Tessman, Hedda’s husband was suitably played by Robert Glennister, in many ways a character just as trapped as Hedda. Judge Brack, the other part of the triangle was played with great aplomb by Tim McInnery, who gave him just the right amount of charm and slippery smarm and gave the closing line superbly with a look of horror and astonishment. Colin Tierney’s impassioned underdog performance as Loevborg, was a particular highlight, his struggles and desperate end, were genuinely brought to life. Zoe Waites provided a lovely performance as the infatuated Mrs Elvsted, while Anna Carteret and Janet Whiteside supported the action as Aunt Juliana and Bertha.

The set and lighting was functional and the sound of the burner firing up and rumbling throughout the theatre at the end of act 3 was a chilling conclusion to it.

The production is due to transfer to the West End later this year and so I recommend catching it there if you’re interested in seeing this play brought to life with a fabulous leading lady .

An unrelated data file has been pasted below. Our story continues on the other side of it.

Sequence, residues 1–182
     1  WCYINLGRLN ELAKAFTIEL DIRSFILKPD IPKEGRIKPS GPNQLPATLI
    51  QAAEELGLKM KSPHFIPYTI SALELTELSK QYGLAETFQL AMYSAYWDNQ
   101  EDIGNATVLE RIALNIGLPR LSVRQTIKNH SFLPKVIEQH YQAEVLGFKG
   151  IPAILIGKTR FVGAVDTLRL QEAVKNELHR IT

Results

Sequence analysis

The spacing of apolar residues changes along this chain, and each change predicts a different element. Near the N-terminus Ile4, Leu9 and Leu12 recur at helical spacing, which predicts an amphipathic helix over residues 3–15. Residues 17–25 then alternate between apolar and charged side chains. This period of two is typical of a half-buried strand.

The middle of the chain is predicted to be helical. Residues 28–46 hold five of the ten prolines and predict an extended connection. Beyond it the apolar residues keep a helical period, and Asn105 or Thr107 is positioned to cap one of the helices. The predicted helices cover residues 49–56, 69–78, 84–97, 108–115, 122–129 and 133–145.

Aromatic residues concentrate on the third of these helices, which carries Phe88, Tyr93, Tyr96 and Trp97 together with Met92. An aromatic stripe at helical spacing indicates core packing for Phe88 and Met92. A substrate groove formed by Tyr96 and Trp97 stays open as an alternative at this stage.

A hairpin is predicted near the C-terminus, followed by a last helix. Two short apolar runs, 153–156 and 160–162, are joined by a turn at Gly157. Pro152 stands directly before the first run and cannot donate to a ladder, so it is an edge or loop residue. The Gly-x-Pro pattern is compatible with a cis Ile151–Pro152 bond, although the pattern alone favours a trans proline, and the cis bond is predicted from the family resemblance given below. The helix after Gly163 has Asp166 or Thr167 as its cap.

Theatre Royal Bath

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I’m off to one of my favourite theatres tomorrow – The Theatre Royal in Bath.

Whenever people ask me how I envisage how a local theatre should be run and serve its local community I always point them to the example of the Theatre Royal. Not only is it artistically successful, but it’s also a commercial success. It’s never dark (except for maintenance) and puts on one of the most diverse programs of any theatre I know each year.

One of its highlights is the Peter Hall repertory season it has each summer, where at least one of those productions transfers to the West End and then tours. Several productions preview there before their West End runs, and it plays host to numerous touring productions. Throughout the year, it will have, musicals, opera, ballet, stand up comics, jazz, plays(both comedy and serious), Shakespeare and other classics, West End previews, revivals, a local production and the traditional panto over xmas. It has developed the Ustinov studio theatre for more experimental and small-scale productions and it also has the wonderful Egg theatre for its children’s and young peoples theatre productions.

In an era when many local theatres are struggling, I think the Theatre Royal is a real beacon for showing commercial success and artistic creativity can work together, to benefit the local community and further afield too.